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Cultivating An Entrepreneurial Mindset Through Interdisciplinary Collaboration And Networking

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2007 Annual Conference & Exposition


Honolulu, Hawaii

Publication Date

June 24, 2007

Start Date

June 24, 2007

End Date

June 27, 2007



Conference Session

Engineering Entrepreneurship and K-12 Education

Tagged Division

Entrepreneurship & Engineering Innovation

Page Count


Page Numbers

12.426.1 - 12.426.11



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Paper Authors

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Donald Carpenter Lawrence Technological University

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Gregory Feierfeil Lawrence Technological University

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NOTE: The first page of text has been automatically extracted and included below in lieu of an abstract

Cultivating an Entrepreneurial Mindset through Interdisciplinary Collaboration and Networking


Lawrence Technological University, a private institution located in the Detroit metropolitan area, has an enrollment of approximately 3000 undergraduate students in day and evening degree programs. Unlike a majority of institutions were entrepreneurial programs tend to originate in the college of management or business, the entrepreneurial programs at the University originated in the College of Engineering. In the College of Engineering, the belief was that engineering graduates play many roles in industry, all of which require business and entrepreneurial skills. In response to this situation, the college developed the entrepreneurial certificate program. Separately, the College of Arts and Sciences, through the Undergraduate Management Program, also developed a certificate program and concentration in entrepreneurship. However, these two programs operated separately and only impacted a small percentage of the entire student population. In addition, a majority of the entrepreneurial focus, especially in the College of Engineering, has been on business skills and not on developing the “entrepreneurial mindset.” Entrepreneurial mindset outcomes include innovation, vision, teamwork, communication, problem solving skills, opportunity recognition and risk management. In 2005, it was recognized that these two entrepreneurial programs, as well as the University as a whole, would benefit from collaborating.

The opportunity to collaborate and network presented itself in May 2006, when the University was awarded a Kern Entrepreneurship Education Network (KEEN) Fellowship Grant from the National Collegiate Inventors and Innovators Association (NCIIA). The grant provides funding to integrate the existing programs into a new innovative interdisciplinary program focused on developing the “entrepreneurial mindset” on campus. In addition, the grant bestows Kern Fellow status on two University faculty and provides access to the KEEN Network, which includes ten private institutions across the Midwest. This network has provided a support mechanism, assisted with program development, and broadened the impact of the funding. This paper will describe the KEEN Network, discuss the specific strategies employed to implement the new program at Lawrence Tech, provide program assessment and evaluation background, present assessment of the first year program outcomes and an evaluation of program impact, and finally, lessons learned by the program implementation team. It is anticipated that the narrative provided by this paper and the corresponding presentation will highlight how regional collaborations can support entrepreneurial efforts at individual campuses and how on an individual campus groups can coordinate to enhance impact. In fact, since being awarded a KEEN Fellowship Grant, developing an entrepreneurial mindset across campus is one of the revised Educational Goals of the University and an educational cornerstone of the new administration.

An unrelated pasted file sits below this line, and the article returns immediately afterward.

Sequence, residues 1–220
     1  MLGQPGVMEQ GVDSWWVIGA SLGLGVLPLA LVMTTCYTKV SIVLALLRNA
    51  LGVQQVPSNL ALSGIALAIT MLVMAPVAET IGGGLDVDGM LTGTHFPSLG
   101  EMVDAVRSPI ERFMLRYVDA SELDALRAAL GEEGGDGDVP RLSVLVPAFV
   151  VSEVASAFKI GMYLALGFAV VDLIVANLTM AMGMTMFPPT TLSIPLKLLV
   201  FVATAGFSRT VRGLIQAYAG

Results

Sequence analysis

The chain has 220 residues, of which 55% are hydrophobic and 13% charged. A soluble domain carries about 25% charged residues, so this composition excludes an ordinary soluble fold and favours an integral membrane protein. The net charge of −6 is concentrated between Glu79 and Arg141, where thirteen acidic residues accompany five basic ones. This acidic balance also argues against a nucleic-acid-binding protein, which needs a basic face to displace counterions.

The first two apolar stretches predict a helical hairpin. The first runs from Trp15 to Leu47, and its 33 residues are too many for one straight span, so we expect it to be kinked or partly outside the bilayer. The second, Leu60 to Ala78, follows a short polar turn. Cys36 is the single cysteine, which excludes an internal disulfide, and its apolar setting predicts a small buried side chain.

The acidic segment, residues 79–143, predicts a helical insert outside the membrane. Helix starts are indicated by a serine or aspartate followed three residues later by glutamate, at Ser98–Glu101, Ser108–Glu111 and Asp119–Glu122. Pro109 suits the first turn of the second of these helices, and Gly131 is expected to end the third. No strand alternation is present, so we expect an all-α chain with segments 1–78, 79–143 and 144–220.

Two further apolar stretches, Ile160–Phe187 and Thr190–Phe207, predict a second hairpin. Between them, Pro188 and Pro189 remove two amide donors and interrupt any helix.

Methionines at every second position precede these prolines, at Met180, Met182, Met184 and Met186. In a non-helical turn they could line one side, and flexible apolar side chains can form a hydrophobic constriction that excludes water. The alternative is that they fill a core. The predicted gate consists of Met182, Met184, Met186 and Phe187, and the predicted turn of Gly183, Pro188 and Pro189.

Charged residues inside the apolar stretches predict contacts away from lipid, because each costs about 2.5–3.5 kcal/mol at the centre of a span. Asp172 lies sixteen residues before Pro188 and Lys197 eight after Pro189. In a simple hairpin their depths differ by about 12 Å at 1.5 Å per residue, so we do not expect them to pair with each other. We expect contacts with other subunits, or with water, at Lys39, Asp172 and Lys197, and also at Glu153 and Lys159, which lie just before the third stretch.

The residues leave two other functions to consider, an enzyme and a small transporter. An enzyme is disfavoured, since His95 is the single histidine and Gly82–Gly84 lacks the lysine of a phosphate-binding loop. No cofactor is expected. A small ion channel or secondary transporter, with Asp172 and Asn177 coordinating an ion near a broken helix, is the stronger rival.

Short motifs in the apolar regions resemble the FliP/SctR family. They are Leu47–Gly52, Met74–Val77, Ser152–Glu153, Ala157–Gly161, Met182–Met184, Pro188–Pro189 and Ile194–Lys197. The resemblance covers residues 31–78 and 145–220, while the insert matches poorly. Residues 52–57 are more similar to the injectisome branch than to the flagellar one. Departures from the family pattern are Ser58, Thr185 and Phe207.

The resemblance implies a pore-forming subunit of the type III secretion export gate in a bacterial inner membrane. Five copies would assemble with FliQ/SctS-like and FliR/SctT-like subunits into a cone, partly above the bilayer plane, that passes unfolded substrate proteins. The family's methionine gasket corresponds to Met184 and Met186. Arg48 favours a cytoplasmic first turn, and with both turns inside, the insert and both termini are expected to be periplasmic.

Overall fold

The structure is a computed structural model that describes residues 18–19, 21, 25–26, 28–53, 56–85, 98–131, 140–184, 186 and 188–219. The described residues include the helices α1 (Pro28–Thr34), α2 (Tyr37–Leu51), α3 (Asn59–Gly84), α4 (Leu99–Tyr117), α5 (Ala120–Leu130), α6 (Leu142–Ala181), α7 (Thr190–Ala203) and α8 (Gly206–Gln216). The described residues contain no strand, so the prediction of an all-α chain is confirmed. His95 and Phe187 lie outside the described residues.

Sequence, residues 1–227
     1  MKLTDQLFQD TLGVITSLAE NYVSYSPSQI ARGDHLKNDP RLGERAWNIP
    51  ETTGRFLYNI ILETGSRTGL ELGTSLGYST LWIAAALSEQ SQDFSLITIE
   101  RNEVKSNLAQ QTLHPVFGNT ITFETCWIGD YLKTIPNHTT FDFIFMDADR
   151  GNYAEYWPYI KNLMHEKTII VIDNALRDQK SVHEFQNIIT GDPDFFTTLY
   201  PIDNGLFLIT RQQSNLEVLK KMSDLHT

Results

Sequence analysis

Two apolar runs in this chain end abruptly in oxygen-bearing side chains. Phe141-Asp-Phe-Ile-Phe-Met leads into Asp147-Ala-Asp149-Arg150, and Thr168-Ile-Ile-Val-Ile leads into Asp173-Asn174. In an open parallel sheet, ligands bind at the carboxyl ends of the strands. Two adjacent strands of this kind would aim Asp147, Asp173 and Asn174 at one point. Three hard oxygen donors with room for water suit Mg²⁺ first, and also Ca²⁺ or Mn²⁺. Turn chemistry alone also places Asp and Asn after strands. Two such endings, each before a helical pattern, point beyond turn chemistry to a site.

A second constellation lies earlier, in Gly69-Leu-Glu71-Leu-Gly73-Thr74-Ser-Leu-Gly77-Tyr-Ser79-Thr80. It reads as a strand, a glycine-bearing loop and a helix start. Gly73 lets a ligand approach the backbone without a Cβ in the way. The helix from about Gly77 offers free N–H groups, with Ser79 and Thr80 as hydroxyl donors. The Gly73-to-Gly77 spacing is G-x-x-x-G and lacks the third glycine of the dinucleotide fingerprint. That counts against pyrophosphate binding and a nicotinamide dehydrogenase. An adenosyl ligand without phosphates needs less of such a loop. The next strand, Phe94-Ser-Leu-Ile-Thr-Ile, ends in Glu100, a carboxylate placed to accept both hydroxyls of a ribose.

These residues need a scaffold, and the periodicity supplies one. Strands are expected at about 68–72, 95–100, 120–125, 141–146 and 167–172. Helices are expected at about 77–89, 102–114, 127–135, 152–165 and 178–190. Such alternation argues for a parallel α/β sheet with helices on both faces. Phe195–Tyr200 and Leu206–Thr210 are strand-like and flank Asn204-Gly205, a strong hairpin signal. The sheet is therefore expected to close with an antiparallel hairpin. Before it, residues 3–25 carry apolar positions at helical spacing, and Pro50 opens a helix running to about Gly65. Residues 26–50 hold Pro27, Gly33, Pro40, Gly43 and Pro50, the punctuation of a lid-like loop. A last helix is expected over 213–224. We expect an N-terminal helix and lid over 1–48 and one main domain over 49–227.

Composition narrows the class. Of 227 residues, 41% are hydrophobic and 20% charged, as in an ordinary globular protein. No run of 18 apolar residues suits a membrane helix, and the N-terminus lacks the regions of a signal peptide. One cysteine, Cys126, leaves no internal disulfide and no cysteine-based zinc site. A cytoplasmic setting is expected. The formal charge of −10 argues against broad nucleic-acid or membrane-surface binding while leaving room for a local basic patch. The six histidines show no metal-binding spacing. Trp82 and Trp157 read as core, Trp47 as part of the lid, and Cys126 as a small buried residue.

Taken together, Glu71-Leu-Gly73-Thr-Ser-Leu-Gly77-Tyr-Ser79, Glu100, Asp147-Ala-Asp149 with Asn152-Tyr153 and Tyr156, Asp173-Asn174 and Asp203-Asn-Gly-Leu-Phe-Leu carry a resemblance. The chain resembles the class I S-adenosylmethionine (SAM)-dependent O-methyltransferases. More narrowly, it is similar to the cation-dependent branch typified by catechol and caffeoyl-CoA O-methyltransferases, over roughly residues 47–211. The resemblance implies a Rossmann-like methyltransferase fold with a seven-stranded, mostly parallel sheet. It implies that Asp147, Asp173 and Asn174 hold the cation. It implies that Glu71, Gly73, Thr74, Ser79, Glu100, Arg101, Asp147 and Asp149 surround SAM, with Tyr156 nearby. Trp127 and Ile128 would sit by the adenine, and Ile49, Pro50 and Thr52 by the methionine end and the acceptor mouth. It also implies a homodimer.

Carpenter, D., & Feierfeil, G. (2007, June), Cultivating An Entrepreneurial Mindset Through Interdisciplinary Collaboration And Networking Paper presented at 2007 Annual Conference & Exposition, Honolulu, Hawaii. 10.18260/1-2--2419

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